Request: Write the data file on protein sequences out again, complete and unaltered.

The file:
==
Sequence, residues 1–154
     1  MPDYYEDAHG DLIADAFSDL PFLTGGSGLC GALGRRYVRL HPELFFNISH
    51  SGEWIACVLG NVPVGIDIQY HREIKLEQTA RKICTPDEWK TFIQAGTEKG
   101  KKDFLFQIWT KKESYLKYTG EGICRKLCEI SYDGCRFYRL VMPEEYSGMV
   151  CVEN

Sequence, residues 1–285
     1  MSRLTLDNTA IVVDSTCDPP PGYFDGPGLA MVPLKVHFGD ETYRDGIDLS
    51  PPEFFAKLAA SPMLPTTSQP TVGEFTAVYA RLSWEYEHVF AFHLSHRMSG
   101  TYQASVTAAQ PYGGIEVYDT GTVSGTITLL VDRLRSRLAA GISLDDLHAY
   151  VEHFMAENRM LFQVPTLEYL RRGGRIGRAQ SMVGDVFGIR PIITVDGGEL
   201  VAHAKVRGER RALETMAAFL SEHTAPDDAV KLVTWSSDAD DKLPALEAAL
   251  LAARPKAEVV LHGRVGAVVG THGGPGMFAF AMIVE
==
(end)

Sequence, residues 1–154
     1  MPDYYEDAHG DLIADAFSDL PFLTGGSGLC GALGRRYVRL HPELFFNISH
    51  SGEWIACVLG NVPVGIDIQY HREIKLEQTA RKICTPDEWK TFIQAGTEKG
   101  KKDFLFQIWT KKESYLKYTG EGICRKLCEI SYDGCRFYRL VMPEEYSGMV
   151  CVEN

Sequence, residues 1–285
     1  MSRLTLDNTA IVVDSTCDPP PGYFDGPGLA MVPLKVHFGD ETYRDGIDLS
    51  PPEFFAKLAA SPMLPTTSQP TVGEFTAVYA RLSWEYEHVF AFHLSHRMSG
   101  TYQASVTAAQ PYGGIEVYDT GTVSGTITLL VDRLRSRLAA GISLDDLHAY
   151  VEHFMAENRM LFQVPTLEYL RRGGRIGRAQ SMVGDVFGIR PIITVDGGEL
   201  VAHAKVRGER RALETMAAFL SEHTAPDDAV KLVTWSSDAD DKLPALEAAL
   251  LAARPKAEVV LHGRVGAVVG THGGPGMFAF AMIVE